Hughes notes that in Asian markets, the iPhone will not be viewed as the same novel device as it has been in the US because Asian consumers are used to multimedia handsets. That could set the state for fierce competition between Apple and rivals such as Samsung, Nokia and even Motorola.
'In Asia there are a lot of MP3 players out there already,' says Hughes. 'Consumers in the US perceive extra value with the iPhone. It's a status symbol in the US, but status doesn't necessarily translate the same way in Europe and Asia.'
Coming to Europe
That notion may well be tested when the iPhone enters European markets. Apple plans to market its phone this month with operator O2 in the UK, France Telecom's Orange and Deutsche Telecom's T-Mobile of Germany. But analysts note that phone rivals Nokia and Sony Ericsson have stronger market share in Europe than in the US, spelling potential trouble for Apple. And European carrier Vodafone Group already offers the N95 free to customers signed up for a monthly service plan. Finally, the iPhone doesn't support 3G networks, which puts it at a competitive disadvantage for fast web surfing. That fact could really frustrate potential users.
In the UK, Apple will market the phone starting with O2, the largest mobile operator in the country and a unit of Telefonica. However, Apple could face the same competitive problem it does in the US, where its carrier partner AT&T was criticized for offering a relatively slow data network that can make internet browsing a painful ordeal.
'The launch was slightly less than we were hoping for,' says Ovum's Garner. 'The device has not moved on in the light of the initial feedback, notably on the non-removable battery and the lack of 3G.' Garner adds that Apple chairman Steve Jobs said 3G chipsets place a heavy load on the battery, shortening battery life and making 3G unavailable until at least 2008.
He adds: 'AT&T was heavily lambasted as the weak link in the chain when the iPhone started shipping in the US earlier this year. O2 looks to be headed for the same fate here.'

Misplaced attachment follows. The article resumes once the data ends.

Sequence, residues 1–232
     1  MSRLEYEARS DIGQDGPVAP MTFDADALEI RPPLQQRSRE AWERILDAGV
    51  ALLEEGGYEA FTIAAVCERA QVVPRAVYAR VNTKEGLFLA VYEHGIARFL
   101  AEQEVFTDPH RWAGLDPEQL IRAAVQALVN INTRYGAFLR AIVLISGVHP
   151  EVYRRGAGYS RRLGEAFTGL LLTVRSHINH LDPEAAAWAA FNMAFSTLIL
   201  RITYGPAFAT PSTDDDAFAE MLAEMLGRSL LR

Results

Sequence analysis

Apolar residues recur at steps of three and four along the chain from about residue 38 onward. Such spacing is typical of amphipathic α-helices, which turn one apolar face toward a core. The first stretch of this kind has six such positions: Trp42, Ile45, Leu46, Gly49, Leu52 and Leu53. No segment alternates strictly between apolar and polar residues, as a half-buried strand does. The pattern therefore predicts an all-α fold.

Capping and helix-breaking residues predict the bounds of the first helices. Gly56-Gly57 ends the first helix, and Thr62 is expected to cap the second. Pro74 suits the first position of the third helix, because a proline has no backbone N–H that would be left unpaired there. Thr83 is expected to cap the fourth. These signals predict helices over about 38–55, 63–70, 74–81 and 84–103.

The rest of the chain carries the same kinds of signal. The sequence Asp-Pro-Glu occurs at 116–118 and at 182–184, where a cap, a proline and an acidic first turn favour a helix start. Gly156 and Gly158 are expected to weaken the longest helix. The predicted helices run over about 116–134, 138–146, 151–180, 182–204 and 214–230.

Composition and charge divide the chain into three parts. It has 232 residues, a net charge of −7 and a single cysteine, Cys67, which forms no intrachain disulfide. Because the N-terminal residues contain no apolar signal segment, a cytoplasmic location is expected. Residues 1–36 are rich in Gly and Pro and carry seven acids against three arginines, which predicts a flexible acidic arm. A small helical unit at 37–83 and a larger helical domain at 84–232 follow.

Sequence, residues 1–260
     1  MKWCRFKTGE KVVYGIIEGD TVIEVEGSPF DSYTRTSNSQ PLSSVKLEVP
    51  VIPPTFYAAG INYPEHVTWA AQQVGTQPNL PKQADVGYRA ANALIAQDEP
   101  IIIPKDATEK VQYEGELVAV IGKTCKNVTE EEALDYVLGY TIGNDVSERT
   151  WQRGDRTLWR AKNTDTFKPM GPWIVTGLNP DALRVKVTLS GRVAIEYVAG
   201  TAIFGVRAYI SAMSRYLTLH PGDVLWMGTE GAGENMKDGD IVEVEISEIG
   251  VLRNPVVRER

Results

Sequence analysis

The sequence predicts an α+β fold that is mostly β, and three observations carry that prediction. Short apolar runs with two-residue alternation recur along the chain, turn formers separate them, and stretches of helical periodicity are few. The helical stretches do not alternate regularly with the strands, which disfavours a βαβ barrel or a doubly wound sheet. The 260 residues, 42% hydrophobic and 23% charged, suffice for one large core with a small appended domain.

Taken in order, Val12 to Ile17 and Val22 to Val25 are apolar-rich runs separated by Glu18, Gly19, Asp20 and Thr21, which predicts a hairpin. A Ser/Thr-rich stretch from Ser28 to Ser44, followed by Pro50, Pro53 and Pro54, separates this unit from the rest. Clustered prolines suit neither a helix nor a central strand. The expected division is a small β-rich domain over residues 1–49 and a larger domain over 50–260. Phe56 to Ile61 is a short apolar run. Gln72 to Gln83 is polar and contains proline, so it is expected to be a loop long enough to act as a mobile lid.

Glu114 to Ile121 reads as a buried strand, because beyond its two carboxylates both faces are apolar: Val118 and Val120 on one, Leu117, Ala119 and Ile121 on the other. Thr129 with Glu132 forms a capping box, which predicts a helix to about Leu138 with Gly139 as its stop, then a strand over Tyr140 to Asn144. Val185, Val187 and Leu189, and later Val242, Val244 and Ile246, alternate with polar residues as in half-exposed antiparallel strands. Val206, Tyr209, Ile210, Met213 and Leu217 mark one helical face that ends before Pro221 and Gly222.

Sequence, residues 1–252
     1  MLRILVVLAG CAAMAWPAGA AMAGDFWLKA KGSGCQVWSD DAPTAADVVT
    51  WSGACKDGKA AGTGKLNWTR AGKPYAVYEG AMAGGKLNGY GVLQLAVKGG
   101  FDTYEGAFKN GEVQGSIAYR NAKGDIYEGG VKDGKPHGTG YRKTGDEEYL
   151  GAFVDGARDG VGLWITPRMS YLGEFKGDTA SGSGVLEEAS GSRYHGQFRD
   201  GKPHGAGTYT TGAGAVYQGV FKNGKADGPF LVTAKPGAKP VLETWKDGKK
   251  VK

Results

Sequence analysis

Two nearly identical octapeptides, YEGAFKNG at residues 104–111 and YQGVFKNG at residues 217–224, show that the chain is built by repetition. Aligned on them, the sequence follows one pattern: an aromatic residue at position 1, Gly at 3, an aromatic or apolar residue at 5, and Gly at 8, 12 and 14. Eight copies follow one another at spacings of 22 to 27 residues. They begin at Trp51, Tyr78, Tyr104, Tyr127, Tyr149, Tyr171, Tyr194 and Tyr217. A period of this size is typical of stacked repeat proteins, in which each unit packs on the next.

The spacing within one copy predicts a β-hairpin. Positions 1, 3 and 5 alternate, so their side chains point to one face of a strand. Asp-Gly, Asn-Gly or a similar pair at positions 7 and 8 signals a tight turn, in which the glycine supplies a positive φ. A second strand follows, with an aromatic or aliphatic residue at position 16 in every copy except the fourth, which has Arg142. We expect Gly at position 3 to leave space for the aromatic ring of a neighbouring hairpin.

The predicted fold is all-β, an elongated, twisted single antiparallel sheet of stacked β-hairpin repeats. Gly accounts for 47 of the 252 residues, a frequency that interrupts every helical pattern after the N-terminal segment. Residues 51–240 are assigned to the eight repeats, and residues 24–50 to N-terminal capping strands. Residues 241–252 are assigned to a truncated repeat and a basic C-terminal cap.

The iPhone in the UK will be slightly less expensive than in the US, but Garner notes that questions remain about how long it will take O2 to break even under the arrangement.
In its research, Ovum also notes that Sony Ericsson enjoys strong brand awareness in Europe and that Samsung, LG and Motorola also are working on enhanced mobile devices for the European market. Similar market pressures likely will unfold in Asia when the iPhone eventually reaches there.
Apart from complaints about the exclusive lock-in to an operator in each market and the noticeable lack of certain features (no 3G, no MMS, no IM, no stereo Bluetooth, etc), the iPhone's touch-screen keypad is reportedly a dud when it comes to good old fashioned SMS.
That's according to usability consultancy User Centric, which tested the iPhone's SMS capabilities with 20 frequent SMSers, all of whom said it took them twice as long to compose messages on an iPhone compared to the phone they normally used for texting. Presumably, Apple will have fixed that by the time iPhones start shipping to Asia next year.
There are also indications that rival vendors around the globe are benefiting from Apple's marketing hype, which is spurring greater consumer interest overall in multimedia mobile devices.
'Key CDMA handset vendors (LG, Samsung, Motorola and HTC) will benefit from the more aggressive investment in marketing and service promotion, including subsidies, from Sprint Nextel and Verizon Wireless [in the US],' says John Jackson in a recent research report for Yankee Group.
'Even by virtue of its absence, Apple has catalyzed the global cellular handset market with its design influence and differentiated distribution model. It has also disrupted mobile data service business models with its influence over the content and digital rights management domains. Service providers and device vendors globally are compelled to innovate in reaction to this new reality.'
Jackson adds that GSM giants Nokia, Sony Ericsson and Motorola could be hurt by Apple, at least in the US market, because the three vendors need 'up-market migration' to boost profit margins. While the three rivals have been successful in non-US markets, 'Apple has stolen a march on this opportunity in the US.'
Even so, there may be plenty of business to go around. And Apple may never catch up to entrenched global market leaders such as Nokia. ABI Research estimates that Nokia currently leads the global smartphone market with a 56% share (although it trails Palm and Research in Motion in North America). 'Motorola, RIM and Sony Ericsson match Nokia in terms of product innovation, but lag behind in respect to implementation, for example, on parameters such as total shipments and distribution networks,' says industry analyst Shailendra Pandey.
That may set the stage for a lively, lengthy and expensive worldwide battle with the iPhone.
With reporting from John C. Tanner